The first film that I ever owned on VHS rather than just taping a film off the telly was Raiders of the Lost Ark, I’d seen it in the Sherman Theatre in Cardiff during the school holidays whilst my Mum went shopping in town and it was one of the best things I had ever seen. We got our first video recorder – A toploading Ferguson Videostar complete with wired remote – in 1983 but at the time you had to rent films – you could actually buy them through your local video shop but if you wanted to but then they cost over £60 and kids, this was Thatcher’s Britain, things were tough back then so renting was the only realistic option. The first video my parents rented was an animated version of The Lord of the Rings. Back then as now, I really couldn’t stand anything Tolkien related and it upset me that my parents would choose such a film to be my first video rental experience.
My sister Cathy (Still Catherine back in those days.) and I walked back to video shop to get something else and my choice was Escape to Victory where the cream of the footballing world, some IpswichTown squad members, Michael Caine and Rocky take on the Nazis with a football. Oh how I loved that film and it has a fantastic Bill Conti score too which still brings memories of the early eighties playground at school with us all trying to emulate the piece of skill that Ossie Ardiles does in slow motion during the game at the end of the film.. Films from those early days of home entertainment still bring a smile to my face – Rocky I, II and III, Private Benjamin, Chariots of Fire, Gregory’s Girl, The Fury (anybody else ever see that?) and the best of all Airplane! Oh we loved a video rental in the James household.
In the winter of 1983 Paramount announced that they were going to release Raiders of the Lost Ark on VHS for the bargain price of £19.99 – it would be mine and as it turned out it was. Dad spoke to the bloke who owned the video shop in Cowbridge – an ex-copper whose shop would get burnt out in an arson attack some years later (I know, in Cowbridge of all places?!?!) – and he got a copy in and so it was that on Christmas Day 1983 I got my first film on video. I’ve no idea which was my second video nor even my last but Raiders was my first and I must have seen that film more than any other in my life and I still love it and yes I bought it when it came out on DVD*
I watched it so many times that winter and during the holidays even my Gran sat and watched it with me which led to the situation when during the Christmas after when Raiders was shown on ITV for the first time and Gran was staying with my Uncle Brian, his family were watching it and Gran much to their surprise and baffled amusement was able to tell them what was going on and what was going to happen – “That monkey is up to no good.” and so on. My Auntie Hilary told me that she had been asked: “Gran, how can you possible know that?” only for her to proven right the next minute and then throughout the film.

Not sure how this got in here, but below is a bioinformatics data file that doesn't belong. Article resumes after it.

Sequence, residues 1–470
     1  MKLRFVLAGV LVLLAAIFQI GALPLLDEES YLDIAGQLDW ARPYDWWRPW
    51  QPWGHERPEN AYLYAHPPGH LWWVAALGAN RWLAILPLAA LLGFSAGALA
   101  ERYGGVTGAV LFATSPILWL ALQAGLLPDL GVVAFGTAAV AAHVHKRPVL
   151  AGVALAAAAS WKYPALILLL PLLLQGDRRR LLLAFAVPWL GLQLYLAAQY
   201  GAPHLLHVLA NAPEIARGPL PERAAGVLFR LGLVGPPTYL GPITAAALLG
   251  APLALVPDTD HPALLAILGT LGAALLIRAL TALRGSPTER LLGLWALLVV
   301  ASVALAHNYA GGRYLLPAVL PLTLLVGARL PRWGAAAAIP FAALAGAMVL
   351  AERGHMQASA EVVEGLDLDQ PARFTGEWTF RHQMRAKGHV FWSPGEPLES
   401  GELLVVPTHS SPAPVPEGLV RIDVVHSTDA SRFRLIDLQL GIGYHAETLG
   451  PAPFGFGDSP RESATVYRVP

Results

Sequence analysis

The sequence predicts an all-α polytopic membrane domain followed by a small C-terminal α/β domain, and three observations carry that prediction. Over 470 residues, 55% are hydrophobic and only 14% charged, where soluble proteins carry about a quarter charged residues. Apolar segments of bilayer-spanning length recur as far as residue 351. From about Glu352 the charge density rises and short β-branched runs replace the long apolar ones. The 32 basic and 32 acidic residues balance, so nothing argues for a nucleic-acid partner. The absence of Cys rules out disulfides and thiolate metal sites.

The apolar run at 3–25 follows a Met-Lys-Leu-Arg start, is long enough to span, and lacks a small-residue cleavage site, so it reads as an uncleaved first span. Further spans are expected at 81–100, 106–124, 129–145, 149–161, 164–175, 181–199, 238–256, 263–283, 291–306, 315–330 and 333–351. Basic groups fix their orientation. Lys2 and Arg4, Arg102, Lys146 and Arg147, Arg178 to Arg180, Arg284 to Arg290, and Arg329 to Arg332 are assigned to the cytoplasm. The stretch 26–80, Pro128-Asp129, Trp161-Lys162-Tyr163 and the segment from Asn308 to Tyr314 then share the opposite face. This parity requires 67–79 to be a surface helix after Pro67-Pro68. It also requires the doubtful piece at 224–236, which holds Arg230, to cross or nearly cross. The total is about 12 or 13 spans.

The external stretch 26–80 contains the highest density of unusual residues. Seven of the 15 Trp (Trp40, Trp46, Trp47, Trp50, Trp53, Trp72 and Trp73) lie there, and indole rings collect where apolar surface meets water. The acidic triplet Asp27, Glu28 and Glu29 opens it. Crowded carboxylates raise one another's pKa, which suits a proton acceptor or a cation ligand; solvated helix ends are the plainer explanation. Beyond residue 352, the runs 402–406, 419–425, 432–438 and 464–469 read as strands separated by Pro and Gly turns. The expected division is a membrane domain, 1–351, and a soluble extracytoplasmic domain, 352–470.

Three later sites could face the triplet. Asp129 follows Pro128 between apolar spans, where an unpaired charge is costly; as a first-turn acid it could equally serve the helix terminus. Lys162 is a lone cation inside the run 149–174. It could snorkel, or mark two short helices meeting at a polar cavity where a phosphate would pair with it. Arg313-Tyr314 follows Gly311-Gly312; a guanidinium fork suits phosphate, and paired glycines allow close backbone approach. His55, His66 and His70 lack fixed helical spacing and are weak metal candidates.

Films appearing on video and television were events back then – it took up to seven years for films to be on television and I remember settling down to watch the television premier of 2001: A Space Odyssey on the BBC in 1979. I was so excited about seeing it – my Mum lasted until the men get to the plinth on the moon with Penderecki’s music echoing all around before exclaiming that it was rubbish and turned it off. Not even the possibility of seeing if Leonard Rossiter would show up again in the film could persuade her to switch it back on. It would be 1985 coming home from a school trip to Heidelberg before I got to see the whole thing albeit on a tiny TV screen on a Ferris Coach with fellow pupils shouting out “What the hell is going on? What is that big stone thing? Hey look, it’s Rigsby!” We got all the way through it and then watched Rollerball with James Caan – and that was good too. Looking back though it was a strange selection of films that the driver had on board his coach and he did keep one box of videos securely locked at all times, hmm…
Anyway, what is it about Raiders that I love so much? It’s a proper film, what is up there on the screen happened – if a man falls off a vehicle then he’s fallen off it and it isn’t some CGI done in an air-conditioned office somewhere. When you see Harrison Ford sweating, he’s really sweating and there is a sense of humour throughout the film that keeps the story rollicking along including the famous sword scene. Marion isn’t your typical love interest, she’s a feisty independent woman who doesn’t need Dr Jones and will only have him on her terms – this was quite radical for the early eighties after seventies disaster movies with helpless, I need a man women.. What also helps is that George Lucas hadn’t completely disappeared up his own arse at his point and Spielberg was beginning his comeback after the failure of 1941** and couldn’t fail, it’s one of his best and better than all the pale imitations that came after it – okay, okay I’ll let you have Romancing the Stone.
*Well of course I went for the American DVD boxset of the Indiana Jones films for the uncut Temple of Doom and yes I now have it on Blu-ray. I went for the British blu-ray boxset this time as it finally had the uncut Temple of Doom released for the first time in the UK.
** See it, it’s great.